Legendary filmmaker Sidney Lumet has died today from lymphoma at his Manhattan home, aged 86. Born in Philadelphia in 1924 to show business parents, the Academy Award-nominated director enjoyed a long and distinguished career, becoming one of the pre-eminent figures of the New York filmmaking scene with over fifty film credits to his name. As a child, Lumet starred in a number of Broadway plays and short films, along with the feature …One Third of a Nation… (1939), before entering military service in World War II. Resuming his career as an Off-Broadway director, Lumet soon entered the fledgling TV business in 1950 and earned a reputation for his prolific shooting methods on series such as Danger, Kraft Television Theater, Mama, Playhouse 90 and You Are There.
Lumet transferred his skills to the silver screen in 1957 for his directorial debut 12 Angry Men, which earned him the first of his Oscar nominations for Best Director. Over the next two decades he collaborated with some of the biggest names in Hollywood including Marlon Brando, Sean Connery, Henry Fonda, Katharine Hepburn, Sophia Loren, James Mason, Vanessa Redgrave and Omar Sharif before helming the classic Al Pacino crime drama Serpico in 1973. Two years later he would earn his second Oscar nomination directing Pacino in Dog Day Afternoon (1975) and repeated the feat the following year with the acclaimed satire Network (1976).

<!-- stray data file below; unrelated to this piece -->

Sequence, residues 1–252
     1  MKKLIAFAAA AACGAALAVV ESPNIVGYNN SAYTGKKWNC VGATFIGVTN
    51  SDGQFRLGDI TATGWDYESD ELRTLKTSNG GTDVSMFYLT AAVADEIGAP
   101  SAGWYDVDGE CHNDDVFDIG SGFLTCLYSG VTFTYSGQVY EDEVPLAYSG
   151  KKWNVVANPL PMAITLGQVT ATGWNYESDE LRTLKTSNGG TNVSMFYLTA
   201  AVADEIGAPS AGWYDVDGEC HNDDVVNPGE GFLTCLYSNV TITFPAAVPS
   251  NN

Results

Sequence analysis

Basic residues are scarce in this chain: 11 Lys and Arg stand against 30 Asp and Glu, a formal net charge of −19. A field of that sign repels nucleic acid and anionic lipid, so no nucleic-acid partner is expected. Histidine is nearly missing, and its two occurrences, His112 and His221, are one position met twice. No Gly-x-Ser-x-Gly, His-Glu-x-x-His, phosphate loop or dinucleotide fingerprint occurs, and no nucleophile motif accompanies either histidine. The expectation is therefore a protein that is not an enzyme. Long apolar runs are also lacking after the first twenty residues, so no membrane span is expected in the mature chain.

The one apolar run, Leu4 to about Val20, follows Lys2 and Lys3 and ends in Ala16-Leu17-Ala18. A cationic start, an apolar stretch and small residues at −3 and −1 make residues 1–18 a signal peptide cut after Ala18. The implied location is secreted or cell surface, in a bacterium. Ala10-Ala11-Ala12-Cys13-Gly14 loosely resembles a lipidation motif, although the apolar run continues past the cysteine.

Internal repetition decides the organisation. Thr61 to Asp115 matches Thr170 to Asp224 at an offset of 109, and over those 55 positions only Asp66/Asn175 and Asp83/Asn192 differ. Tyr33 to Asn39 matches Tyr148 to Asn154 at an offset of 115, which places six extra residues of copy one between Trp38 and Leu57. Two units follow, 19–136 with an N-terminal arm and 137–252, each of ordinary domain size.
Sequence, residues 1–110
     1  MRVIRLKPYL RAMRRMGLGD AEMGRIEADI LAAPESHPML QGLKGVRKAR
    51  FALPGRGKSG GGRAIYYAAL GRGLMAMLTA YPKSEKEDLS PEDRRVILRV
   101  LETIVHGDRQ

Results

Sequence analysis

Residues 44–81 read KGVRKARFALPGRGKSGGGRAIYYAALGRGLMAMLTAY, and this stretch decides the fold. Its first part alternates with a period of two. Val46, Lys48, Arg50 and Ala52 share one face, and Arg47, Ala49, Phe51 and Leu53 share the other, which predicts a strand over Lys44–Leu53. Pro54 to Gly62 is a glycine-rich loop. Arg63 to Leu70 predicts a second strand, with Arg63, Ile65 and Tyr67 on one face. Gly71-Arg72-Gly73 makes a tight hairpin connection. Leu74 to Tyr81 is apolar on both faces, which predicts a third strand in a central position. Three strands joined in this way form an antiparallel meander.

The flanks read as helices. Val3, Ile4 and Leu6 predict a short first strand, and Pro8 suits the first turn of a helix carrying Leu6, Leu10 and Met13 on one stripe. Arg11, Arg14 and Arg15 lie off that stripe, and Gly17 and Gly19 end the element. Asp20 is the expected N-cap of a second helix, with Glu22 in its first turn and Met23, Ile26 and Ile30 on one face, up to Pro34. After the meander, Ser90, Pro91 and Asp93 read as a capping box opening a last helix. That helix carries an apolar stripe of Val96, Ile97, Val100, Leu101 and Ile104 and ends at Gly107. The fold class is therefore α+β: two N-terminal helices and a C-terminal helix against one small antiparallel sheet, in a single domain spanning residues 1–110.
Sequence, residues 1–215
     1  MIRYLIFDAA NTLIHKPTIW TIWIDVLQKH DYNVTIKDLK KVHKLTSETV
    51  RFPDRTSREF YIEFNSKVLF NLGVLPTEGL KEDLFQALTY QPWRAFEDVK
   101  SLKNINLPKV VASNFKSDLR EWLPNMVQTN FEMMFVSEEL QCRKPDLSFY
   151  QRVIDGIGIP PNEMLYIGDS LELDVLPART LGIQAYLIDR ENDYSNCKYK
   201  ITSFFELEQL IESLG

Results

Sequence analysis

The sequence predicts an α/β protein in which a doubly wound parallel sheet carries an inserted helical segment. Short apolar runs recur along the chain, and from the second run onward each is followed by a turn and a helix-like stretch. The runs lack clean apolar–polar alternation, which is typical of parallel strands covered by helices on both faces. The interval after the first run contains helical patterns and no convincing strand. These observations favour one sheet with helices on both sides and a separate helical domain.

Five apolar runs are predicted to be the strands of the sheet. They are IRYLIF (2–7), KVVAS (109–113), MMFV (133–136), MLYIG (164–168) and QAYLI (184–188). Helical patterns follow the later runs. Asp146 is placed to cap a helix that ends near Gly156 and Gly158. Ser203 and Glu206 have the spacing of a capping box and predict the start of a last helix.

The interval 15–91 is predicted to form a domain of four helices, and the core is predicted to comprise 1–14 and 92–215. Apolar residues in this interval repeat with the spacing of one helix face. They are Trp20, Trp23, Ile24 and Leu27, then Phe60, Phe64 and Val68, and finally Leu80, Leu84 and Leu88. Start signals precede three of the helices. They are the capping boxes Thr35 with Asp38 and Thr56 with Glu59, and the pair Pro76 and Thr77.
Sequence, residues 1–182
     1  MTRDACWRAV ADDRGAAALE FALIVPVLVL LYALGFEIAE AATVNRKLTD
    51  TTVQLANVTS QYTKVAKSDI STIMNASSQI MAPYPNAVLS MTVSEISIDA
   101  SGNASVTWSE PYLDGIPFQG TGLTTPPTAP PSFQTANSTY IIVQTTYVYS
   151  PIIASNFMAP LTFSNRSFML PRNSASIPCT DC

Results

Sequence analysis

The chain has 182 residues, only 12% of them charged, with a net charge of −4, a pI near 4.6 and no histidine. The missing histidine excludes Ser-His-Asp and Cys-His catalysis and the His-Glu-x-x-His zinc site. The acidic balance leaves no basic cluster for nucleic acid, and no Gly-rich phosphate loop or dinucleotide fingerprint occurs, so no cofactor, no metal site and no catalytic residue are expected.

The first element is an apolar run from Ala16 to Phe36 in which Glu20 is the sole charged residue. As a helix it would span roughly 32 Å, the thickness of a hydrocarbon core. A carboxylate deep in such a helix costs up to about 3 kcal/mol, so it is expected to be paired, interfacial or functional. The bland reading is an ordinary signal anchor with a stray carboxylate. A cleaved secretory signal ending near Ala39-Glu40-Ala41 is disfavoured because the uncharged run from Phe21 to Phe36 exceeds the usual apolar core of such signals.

Following his run of critical success, Lumet explored a variety of genres with his later work, directing films such as the Broadway adaptation Equus (1977), musical fantasy The Wiz (1978), courtroom thriller The Verdict (1982), for which he received his final Academy Award nomination, and indie drama Running on Empty (1988). Lumet also received a screenwriting Oscar nomination for the 1981 police thriller Prince of the City and in 2005 he was the recipient of an Honorary Academy Award, before releasing his final film Before the Devil Knows Your Dead in 2007.